Principal Weston Edmonds worked with assistant principal Brandon White on the project, which they began in the school year before the COVID-19 pandemic and were able to finally complete this past summer.
At the centerpiece is a newly-repurposed display case holding two deck plates and a deck cleat from the U.S.S. Hartford, the Admiral’s ship during the Civil War and the site of his famous battle cry, “Damn the torpedoes! Full speed ahead!” when he captured Mobile Bay.
“We have had all three for a while,” said Edmonds, who noted the deck plates are on loan from the U.S. Navy.
“And we had the case, but we refinished it to hold these items so they could be displayed appropriately.”
Edmonds sanded the case, Knox County Schools provided the glass and White added new pieces of wood.
Also new are two wall placards, one detailing Admiral Farragut and his accomplishments, the other summarizing Farragut Middle School and the community.
“Personally for me, this was really important because I was a history/social studies teacher back in the day, and having these things, and being able to see the ‘why’ and ‘where’ puts it in the context of our school and community,” Edmonds said.
“As a history buff, this has been really neat for me to be able to dive deeper into knowing more about our school and community,” White said.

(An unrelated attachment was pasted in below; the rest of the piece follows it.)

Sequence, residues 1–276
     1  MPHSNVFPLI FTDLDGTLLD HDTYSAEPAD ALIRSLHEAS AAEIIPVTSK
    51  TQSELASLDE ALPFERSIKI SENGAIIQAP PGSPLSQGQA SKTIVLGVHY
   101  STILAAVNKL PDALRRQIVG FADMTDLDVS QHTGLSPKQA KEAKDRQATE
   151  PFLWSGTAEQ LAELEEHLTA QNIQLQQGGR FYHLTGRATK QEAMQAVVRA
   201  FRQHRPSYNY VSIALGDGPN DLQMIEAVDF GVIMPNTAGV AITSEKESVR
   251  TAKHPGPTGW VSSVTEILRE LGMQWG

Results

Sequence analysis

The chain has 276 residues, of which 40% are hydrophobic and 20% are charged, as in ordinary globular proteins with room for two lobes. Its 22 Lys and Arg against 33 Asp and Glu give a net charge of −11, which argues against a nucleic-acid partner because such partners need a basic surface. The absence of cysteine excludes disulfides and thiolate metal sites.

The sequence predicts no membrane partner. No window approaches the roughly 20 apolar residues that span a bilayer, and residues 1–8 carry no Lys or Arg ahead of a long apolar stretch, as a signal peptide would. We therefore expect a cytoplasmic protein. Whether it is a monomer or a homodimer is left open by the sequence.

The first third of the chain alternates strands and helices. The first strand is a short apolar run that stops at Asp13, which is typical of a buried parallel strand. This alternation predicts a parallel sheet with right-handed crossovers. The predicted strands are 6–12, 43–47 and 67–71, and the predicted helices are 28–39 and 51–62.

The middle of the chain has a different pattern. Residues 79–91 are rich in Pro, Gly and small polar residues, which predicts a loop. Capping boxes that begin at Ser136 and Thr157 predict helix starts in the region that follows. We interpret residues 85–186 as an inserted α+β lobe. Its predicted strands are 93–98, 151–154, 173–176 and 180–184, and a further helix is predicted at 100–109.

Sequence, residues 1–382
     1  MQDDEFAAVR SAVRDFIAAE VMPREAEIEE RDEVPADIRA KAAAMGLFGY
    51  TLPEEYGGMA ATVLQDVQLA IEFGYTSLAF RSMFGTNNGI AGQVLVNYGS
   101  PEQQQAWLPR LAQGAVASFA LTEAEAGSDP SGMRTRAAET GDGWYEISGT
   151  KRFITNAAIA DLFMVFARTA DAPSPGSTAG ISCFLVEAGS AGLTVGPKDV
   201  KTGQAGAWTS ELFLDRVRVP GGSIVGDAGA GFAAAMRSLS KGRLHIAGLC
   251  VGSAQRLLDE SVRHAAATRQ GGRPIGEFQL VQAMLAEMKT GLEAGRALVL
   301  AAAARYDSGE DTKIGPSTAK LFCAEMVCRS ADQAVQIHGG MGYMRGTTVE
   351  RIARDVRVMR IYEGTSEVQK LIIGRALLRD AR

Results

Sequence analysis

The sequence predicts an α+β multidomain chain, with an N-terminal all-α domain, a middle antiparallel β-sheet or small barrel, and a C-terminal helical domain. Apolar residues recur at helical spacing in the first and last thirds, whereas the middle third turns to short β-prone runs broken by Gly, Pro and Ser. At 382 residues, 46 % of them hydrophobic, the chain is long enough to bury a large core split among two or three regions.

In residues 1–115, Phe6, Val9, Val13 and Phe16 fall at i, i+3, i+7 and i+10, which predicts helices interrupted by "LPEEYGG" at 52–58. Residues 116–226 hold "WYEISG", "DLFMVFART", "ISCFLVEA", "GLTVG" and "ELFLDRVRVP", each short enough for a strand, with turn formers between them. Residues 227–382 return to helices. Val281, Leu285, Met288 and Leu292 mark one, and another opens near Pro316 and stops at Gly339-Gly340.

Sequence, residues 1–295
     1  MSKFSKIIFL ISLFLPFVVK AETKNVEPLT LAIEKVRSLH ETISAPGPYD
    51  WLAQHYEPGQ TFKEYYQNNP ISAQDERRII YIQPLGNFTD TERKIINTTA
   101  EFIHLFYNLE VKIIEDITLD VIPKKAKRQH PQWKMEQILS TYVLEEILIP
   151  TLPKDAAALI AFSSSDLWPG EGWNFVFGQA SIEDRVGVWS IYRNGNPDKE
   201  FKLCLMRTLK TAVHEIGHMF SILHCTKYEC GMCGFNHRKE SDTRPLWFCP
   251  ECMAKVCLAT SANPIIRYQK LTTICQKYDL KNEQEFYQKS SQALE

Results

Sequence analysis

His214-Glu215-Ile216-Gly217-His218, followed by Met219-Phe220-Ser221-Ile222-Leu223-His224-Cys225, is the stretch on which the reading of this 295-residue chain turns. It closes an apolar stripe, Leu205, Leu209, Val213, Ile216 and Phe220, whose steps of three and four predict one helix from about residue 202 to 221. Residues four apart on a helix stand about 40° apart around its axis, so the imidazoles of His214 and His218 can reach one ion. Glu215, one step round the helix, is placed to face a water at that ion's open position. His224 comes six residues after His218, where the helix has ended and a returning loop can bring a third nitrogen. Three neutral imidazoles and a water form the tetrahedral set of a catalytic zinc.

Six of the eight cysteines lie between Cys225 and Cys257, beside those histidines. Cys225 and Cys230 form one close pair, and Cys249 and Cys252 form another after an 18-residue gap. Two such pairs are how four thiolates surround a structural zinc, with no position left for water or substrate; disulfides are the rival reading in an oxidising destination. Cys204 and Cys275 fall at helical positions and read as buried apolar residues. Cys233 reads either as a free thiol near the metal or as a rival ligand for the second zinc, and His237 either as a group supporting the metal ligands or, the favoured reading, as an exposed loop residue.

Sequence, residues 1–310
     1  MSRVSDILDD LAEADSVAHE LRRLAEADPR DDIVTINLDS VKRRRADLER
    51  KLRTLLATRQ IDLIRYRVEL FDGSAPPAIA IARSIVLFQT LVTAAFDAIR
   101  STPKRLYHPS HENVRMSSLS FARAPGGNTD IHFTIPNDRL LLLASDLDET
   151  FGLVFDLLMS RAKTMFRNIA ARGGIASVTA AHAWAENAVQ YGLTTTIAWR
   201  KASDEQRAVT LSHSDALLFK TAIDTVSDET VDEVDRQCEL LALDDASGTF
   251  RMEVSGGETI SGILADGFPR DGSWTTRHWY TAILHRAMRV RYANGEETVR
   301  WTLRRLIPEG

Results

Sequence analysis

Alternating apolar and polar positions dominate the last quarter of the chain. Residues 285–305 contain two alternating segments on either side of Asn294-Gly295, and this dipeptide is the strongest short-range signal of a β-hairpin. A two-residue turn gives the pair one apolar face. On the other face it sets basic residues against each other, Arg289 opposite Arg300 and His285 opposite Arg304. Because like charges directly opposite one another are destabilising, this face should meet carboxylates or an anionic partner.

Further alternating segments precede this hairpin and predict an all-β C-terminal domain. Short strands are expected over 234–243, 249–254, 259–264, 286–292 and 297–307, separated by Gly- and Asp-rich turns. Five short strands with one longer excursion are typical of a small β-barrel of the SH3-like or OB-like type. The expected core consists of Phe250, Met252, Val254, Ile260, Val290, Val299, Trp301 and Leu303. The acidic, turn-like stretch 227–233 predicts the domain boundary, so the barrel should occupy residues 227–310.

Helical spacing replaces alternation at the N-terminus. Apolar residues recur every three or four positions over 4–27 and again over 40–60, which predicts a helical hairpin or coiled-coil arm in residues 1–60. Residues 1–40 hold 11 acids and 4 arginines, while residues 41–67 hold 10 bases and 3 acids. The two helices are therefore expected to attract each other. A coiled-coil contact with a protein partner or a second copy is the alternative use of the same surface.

A large cardboard cutout of Admiral Farragut already was located in the lobby and is positioned on one side of the new display case. Another taller case is on the other side, holding a statue of Admiral Farragut, along with implements from ships, which have borne his name — including a sextant from the third ship in use between 1934-1945.
The display is just part of a larger interior facelift administrators have been overseeing inside the school.
“Overall, we had started with some murals and statements encouraging student motivation, but we wanted to tie into our history,” White said. “It is a big picture thing to pull in Farragut, and letting not just our students, but also our community, know what we have here.”
“People and kids may not know why Farragut was so important, but they need to know what made us,” Edmonds added.